Knesset Discussion on Limiting Pardons for Terrorists Stalls

MKs meet in a bid to impede the president's ability to pardon security prisoners convicted of murder.

Jonathan Lis
Jonathan Lis
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Palestinian prisoners at Israel's Megiddo Prison.
Palestinian prisoners at the Megiddo Prison.Credit: Itzik Ben-Malki
Jonathan Lis
Jonathan Lis

Legislators hoped Monday to speed up the passage of a bill that would deny certain murderers the right to be considered for a pardon, but the proceedings stalled over whether only terrorists should be denied this right.

The Knesset Constitution, Law and Justice Committee met in a special session Monday to discuss the bill, which is aimed in part at preventing the release of convicted terrorists in prisoner exchanges with the Palestinians.

The request to narrow the bill’s scope came from Attorney General Yehuda Weinstein, who only wanted security prisoners to be denied consideration for a presidential pardon.

The bill was sponsored by MK Ayelet Shaked (Habayit Hayehudi), but the right-wing legislator did not want her draft to be watered down. She wants the legislation to apply to both terrorists and those convicted of other heinous crimes.

Prime Minister Benjamin Netanyahu backed the bill last week in what he called a key step in fighting Hamas. The bill passed its preliminary reading and is being prepared for the first of three more Knesset votes before it would become law.

Michal Tzuk, the president’s legal adviser, criticized the bill, saying it limits the scope of presidential pardons in a way unlike anywhere else in the world. She said she was unaware of a country that totally barred pardons in specific cases.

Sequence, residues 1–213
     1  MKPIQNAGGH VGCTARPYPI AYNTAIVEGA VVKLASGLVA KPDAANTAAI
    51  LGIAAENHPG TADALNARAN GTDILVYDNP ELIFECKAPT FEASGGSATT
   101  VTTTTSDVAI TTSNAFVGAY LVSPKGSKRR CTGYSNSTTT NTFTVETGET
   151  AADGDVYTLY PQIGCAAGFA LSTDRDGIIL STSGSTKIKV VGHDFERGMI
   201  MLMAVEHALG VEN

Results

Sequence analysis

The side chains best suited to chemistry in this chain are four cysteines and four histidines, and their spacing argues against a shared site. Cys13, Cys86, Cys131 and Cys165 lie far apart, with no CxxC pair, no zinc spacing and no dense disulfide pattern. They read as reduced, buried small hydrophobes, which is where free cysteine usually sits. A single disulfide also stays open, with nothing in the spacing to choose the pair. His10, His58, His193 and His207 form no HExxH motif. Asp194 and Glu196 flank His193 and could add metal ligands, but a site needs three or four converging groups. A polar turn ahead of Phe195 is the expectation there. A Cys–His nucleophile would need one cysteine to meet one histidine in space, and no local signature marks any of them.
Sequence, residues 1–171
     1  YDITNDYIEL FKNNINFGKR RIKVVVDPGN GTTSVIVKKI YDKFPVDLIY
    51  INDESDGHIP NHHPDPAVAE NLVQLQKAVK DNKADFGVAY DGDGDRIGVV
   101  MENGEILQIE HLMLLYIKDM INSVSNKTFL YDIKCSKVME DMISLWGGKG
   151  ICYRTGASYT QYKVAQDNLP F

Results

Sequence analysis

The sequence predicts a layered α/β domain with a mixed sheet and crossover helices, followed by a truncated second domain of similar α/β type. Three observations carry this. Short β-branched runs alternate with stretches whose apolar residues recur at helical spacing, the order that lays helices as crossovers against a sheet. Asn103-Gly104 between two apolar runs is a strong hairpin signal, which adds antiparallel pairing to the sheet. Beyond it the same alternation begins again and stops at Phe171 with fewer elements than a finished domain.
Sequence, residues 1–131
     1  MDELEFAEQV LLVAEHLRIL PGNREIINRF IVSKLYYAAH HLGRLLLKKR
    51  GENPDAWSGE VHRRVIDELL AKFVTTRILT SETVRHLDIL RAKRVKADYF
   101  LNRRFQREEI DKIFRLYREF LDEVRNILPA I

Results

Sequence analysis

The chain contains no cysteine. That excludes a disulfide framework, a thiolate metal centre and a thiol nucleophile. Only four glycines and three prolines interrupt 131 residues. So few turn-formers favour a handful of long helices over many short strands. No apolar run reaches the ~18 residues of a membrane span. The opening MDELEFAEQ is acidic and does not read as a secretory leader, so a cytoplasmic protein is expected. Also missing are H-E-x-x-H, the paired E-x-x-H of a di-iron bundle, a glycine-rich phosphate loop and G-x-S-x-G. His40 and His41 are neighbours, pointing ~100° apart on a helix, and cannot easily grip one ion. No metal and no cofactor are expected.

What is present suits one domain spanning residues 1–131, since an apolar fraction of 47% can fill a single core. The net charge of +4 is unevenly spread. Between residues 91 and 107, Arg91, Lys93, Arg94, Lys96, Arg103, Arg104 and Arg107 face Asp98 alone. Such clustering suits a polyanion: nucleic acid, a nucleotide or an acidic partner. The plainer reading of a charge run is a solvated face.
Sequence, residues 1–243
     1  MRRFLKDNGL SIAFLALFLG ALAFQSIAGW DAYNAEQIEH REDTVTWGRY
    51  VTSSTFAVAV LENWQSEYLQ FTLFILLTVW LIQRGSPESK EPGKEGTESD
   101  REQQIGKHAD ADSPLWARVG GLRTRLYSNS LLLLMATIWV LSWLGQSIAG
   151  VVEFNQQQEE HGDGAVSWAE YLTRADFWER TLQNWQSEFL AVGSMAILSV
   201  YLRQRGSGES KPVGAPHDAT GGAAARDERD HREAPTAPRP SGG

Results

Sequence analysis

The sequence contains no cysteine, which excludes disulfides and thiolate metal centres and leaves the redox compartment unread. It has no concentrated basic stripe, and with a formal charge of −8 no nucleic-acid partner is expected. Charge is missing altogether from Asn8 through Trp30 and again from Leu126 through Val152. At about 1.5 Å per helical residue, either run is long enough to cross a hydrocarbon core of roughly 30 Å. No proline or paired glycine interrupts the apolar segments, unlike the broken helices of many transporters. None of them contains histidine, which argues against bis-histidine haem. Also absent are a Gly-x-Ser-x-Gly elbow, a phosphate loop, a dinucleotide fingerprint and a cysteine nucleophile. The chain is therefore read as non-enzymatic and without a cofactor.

Shaked asked for information on the extent to which the president accepts advice when considering pardons. She also asked for data on the number of cases over the past 10 years in which the president refused to grant pardons despite recommendations from the Justice Ministry to do so.

MK Mohammed Barakeh (Hadash) said he feared the bill could prove an obstacle to an Israeli withdrawal from the West Bank if such an agreement with the Palestinians included the release of security prisoners.

In the run-up to Monday’s meeting, MK David Tsur of the centrist Hatnuah party went against his party leader, Justice Minister Tzipi Livni, and supported the bill. “It is meant to provide a step above a life sentence and below the death penalty, which does not currently exist,” he said.

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